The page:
Security Sources: End to Gaza Border Tension Still Unlikely

YERUSHALAYIM -
An Israeli tractor extinguishes a fire started by a kite with attached burning cloth launched by Palestinians from Gaza, on the Israel and Gaza border.  (AP Photo/Tsafrir Abayov, File)

Further tension in southern Israel is more likely than a ceasefire, Israeli security sources were quoted as saying Friday by Maariv. Despite attempts in recent days by Egyptian officials, the United Nations, and others to broker yet another ceasefire between Israel and Hamas, the “gaps between the two sides are still very wide,” the sources said, making it more likely than not that terror attacks by the group against Israel will continue.

One reason for the announced cancellation Thursday of Prime Minister Binyamin Netanyahu to Colombia next week, the sources said, was because the trip to the South American country would take some 17 hours, time that Netanyahu would be largely unavailable to make important decisions as needed, in case a major crisis breaks out.

The Security Cabinet will meet Sunday to discuss ways to respond to the ongoing balloon and kite terror attacks by Hamas terrorists against Israel. On Thursday, some 15 fires were set due to the attacks. Over the past four months, Hamas terrorists have burned some 30,000 dunams of farm and forest land in southern Israel, Hadashot News revealed. A helicopter survey showed the large swaths where vegetation has been completely destroyed. Over 1,100 fires have been set, and damages are estimated to be in the area of NIS 30 million. Several ceasefires have failed to rein in the Hamas terror campaign, which was in full swing on Tuesday, when firefighters battled 19 fires in the Gaza border area.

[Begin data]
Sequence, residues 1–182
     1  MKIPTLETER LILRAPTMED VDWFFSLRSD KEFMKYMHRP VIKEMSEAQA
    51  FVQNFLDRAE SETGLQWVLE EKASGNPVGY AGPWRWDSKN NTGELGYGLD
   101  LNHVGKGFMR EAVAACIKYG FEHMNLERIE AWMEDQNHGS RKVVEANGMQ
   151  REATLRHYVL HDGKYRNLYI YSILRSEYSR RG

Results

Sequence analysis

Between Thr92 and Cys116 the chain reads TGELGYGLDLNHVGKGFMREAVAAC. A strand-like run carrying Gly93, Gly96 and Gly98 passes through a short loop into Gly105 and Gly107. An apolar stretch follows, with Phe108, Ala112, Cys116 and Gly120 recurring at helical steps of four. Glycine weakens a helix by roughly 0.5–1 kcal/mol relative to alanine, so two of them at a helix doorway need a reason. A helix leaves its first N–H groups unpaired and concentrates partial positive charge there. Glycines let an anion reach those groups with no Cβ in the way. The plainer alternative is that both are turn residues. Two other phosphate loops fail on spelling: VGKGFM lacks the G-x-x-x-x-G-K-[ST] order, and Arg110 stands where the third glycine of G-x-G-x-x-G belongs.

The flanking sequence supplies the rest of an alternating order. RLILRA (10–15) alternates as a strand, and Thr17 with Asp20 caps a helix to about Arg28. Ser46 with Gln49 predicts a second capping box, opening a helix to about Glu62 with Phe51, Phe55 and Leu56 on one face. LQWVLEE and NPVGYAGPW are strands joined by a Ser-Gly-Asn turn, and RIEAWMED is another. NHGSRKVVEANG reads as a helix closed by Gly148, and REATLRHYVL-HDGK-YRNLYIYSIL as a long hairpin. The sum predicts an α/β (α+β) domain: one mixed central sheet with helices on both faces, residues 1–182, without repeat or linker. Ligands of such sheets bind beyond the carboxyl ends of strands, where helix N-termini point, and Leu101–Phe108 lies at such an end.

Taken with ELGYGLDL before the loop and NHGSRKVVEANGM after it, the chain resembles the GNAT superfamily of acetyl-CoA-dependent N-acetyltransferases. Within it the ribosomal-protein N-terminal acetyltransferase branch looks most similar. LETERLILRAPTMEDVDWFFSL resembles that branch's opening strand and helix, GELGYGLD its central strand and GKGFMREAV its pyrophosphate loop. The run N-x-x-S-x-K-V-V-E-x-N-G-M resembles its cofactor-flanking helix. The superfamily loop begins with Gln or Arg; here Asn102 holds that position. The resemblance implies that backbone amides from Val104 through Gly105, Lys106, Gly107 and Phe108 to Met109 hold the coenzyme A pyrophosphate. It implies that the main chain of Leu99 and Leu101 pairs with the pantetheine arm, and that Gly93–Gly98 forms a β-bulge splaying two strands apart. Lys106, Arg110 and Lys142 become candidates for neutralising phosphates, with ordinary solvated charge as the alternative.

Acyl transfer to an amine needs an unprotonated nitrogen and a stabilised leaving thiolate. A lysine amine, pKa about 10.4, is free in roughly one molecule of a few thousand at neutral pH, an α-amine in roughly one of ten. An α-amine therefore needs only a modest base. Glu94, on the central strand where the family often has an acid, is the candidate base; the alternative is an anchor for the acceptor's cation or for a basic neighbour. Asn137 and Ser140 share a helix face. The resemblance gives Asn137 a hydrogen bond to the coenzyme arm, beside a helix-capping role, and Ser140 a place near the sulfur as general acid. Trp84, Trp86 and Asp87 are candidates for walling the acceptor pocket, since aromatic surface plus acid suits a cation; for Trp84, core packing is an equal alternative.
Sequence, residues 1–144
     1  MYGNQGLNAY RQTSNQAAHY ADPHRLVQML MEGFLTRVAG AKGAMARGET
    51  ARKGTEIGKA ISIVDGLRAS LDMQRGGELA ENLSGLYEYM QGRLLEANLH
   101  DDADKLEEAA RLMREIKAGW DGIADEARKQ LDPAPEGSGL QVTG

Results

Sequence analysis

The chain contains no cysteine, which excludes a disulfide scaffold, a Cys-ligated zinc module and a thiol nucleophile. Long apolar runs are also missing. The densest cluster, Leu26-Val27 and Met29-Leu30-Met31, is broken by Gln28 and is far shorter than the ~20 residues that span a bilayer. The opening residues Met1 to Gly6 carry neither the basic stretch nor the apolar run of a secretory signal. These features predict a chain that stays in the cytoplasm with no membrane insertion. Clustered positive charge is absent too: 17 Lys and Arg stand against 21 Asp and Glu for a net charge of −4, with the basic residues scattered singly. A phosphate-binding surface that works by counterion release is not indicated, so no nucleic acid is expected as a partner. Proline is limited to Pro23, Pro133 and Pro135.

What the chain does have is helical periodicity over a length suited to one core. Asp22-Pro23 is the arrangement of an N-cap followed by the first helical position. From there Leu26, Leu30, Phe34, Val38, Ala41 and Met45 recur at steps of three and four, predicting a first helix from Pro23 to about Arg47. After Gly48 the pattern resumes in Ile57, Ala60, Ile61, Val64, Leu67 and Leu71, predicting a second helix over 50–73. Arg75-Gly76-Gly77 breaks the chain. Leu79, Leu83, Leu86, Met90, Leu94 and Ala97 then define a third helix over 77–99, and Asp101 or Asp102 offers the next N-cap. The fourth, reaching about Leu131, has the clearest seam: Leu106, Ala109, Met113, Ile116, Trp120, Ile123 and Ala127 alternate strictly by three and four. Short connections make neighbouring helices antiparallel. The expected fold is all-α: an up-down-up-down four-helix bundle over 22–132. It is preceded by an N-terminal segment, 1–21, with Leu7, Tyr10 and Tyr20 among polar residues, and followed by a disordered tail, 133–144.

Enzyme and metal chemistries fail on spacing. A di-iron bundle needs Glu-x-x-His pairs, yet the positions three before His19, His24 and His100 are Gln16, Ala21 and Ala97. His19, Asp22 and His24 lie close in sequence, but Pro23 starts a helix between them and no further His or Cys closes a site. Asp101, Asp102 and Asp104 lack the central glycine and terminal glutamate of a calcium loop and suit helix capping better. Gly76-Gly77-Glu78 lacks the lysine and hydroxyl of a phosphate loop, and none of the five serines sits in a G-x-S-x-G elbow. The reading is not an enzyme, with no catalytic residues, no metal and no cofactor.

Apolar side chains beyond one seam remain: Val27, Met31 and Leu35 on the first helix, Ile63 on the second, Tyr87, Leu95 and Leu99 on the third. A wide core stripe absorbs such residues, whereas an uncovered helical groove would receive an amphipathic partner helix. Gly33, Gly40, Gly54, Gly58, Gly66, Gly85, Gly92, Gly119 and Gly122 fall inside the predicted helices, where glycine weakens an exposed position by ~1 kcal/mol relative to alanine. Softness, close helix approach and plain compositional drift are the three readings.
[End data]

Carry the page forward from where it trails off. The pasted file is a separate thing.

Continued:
In addition to efforts brokering a deal between Israel and Hamas, Egypt has also been working to calm tensions between Hamas and the Fatah terror group. Here, too, the security sources said, a detente between the two terror groups is unlikely, and that would likely feed the terror efforts of Hamas against Israel.